The only hope is that Iraq get quickly clean Mosul and that they get into Syria to help or also open a new front.

        • gold37

          Can’t agree more! There were rumours that PMU would head to wherever they get sent. Sealing the border should be first then maybe opening a new front in Deir Ezzor province as you suggested.

    • Bob

      Modern civil wars with foreign involvements will last on average about a decade – is year seven.

  • Derapage

    It’s time for using the FOAB!

  • Gabriel Hollows

    They’re getting destroyed everywhere except Palmyra. What’s happening?

    • Percival

      Not Hama or Aleppo.

    • Bill Wilson

      ISIS has been withdrawing fighters from areas that they can no longer support to Mayadin. I think the ISIS units SW of Palmyra are trapped by the constant fighting at the crossroads south of the city. Those to the west-northwest may be filtering out thru the desert north of the city so the SAA may be biding their time to allow more to leave while they go about taking lightly defended hilltops and villages from ISIS.

  • Julius Meinel

    Most of the skilled and dedicated SAA army soldiers and officers are long dead. More than 90,000 of them killed since late 2011. No much in terms of replenishment out there. For some reason that escapes me, most of the young Syrian skirt the duty to defeat their country form the Jihadist pest and the foreign intervention . A lot of them moved abroad as refugees and even plenty of those that stayed back, prefer to bribe the military authorities ( to the extend the can afford) rather than fight the Jihadist. And many more fight for the Jihadist. Assad certainly does not have the money to pay them to fight for him, certainly less so than the more generous Saudi/Qatar and Israel.

    And let us face it, historical speaking Arabs have never made great fighters; except for limited guerrilla type of warfare and terror attacks, they have never proven any genuine military qualities. The sole exception in the whole Middle east is Hezbollah. But you can expect them to fight and win everything for Assad. There is only so much that Hezbollah can accomplish on their own with no air force or heavy military equipment.
    Putin may have realized by now that there is no way he can win back Syria for Assad with this rabble quality soldiers that run for cover at the sight of the first Jihadist high on Captagon.

    • Dejan

      And what do u except after six year war vs us led coalition, saudi arabia, israel, jihadists and economic sanctions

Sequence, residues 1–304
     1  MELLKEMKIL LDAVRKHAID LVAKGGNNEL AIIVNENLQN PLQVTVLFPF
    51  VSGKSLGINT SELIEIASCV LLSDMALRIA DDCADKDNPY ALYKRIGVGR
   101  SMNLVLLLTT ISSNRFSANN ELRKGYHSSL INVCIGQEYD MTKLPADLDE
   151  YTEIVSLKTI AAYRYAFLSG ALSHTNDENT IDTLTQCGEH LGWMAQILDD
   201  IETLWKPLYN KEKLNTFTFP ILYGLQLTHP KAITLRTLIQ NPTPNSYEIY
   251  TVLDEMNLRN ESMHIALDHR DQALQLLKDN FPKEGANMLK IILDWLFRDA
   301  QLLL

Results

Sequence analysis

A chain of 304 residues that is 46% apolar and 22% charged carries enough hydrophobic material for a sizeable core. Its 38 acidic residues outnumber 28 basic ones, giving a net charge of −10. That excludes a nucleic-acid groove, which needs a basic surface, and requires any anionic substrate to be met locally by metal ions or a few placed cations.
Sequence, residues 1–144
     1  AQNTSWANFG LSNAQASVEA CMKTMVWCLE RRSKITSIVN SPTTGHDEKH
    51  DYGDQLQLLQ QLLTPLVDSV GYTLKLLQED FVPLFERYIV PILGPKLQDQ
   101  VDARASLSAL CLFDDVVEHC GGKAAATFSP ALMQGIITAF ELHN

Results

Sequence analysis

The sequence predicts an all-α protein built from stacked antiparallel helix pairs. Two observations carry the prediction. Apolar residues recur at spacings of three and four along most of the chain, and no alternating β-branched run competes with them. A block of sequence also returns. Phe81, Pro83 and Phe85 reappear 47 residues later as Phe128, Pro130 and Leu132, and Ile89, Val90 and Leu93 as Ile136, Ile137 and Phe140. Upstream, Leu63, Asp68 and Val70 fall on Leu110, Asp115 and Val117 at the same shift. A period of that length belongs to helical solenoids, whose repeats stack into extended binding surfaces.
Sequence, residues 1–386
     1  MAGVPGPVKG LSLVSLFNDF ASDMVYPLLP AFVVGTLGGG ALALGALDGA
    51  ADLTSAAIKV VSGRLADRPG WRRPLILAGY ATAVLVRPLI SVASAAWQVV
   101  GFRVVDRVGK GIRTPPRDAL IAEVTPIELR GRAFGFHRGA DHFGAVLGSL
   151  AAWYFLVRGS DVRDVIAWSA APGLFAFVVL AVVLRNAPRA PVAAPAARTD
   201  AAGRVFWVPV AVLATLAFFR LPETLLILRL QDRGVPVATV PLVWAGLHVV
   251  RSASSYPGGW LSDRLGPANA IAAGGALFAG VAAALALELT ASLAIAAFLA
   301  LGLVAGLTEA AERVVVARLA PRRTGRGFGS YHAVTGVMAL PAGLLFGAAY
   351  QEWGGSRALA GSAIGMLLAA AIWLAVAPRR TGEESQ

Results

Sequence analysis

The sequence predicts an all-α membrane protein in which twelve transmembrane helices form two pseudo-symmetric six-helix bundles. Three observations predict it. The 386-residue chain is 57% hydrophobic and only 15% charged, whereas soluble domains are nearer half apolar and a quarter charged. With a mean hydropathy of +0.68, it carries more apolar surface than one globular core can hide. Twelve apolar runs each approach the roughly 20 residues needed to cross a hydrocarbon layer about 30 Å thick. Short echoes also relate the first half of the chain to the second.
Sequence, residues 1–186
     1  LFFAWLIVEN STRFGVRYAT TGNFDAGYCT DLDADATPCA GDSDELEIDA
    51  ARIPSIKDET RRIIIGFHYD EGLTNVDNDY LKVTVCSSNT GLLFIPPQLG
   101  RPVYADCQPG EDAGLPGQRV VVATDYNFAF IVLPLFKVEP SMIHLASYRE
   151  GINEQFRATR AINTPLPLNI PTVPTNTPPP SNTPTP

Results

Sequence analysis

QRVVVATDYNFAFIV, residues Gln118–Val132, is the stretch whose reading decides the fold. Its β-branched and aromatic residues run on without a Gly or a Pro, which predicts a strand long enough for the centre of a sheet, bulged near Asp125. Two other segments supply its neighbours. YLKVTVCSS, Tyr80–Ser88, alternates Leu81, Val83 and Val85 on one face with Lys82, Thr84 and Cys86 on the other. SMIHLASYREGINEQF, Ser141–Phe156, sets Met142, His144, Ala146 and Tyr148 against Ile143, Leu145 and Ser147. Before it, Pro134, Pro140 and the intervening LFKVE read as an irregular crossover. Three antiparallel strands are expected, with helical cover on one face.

• Solomon Krupacek

        win

      • Julius Meinel

        From the Syrian army , I do not expect much, nor did I expect much from them 3-4 years ago when it was better manned. The Russian’s could however have easily ended this circus if they really wanted to long ago.

        They have proven it the battle for Chechnya in 1999 with more inferior weapons and less motivated soldiers than they have now. That is one of the chief reasons Putin long term strategic goal in Syria eludes me. If he would bring just 2-3 battalions of Tornado/Smerch self propelled artillery, he could help SAA reach the Turkish border in less than 2 weeks. That is of course based on the assumption that the entire civilian population in that area (largely supportive of the Jihadist anyway) would be just collateral casualties of war. Why he does not do it, is a mystery to me. The Americans and the Jihadist certainly have no qualms about obliterating entire cities if their end goal dictates it.

        • Barba_Papa

          But when the Jihadists bomb civilians nobody in the media is paying attention, because they’re heroic freedom loving moderate opposition fighters. When the Americans bomb, they bomb in ISIS territory and ISIS has a complete media blackout, so no 7 year olds twittering they’re being murdered by American bombs. When the Russians bomb even a goat shack the media cries war crimes, cause, evil Russians? It is as it is.

          We have to keep in mind though, the Russians in Syria are not everywhere and propping up the Syrian army, retraining and re-equipping it has been a major tour de force for them. Russian advisors, special forces and support units have mostly been deployed around Latakia, Aleppo and Palmyra. That’s where they retrain the Syrian army back into a fighting force. And those units have seen an improved performance. Other areas have probably not seen a single Russian, let alone advisors and trainers to whip them back into shape. The Damascus area and of course Daraa. In Damascus most of the fighting is being done by the Republican Guard, which was and still is an elite force, so they can handle their own without Russian input. Whereas Daraa, it’s just at the butt end of all priorities. Both Syrian government as Russian.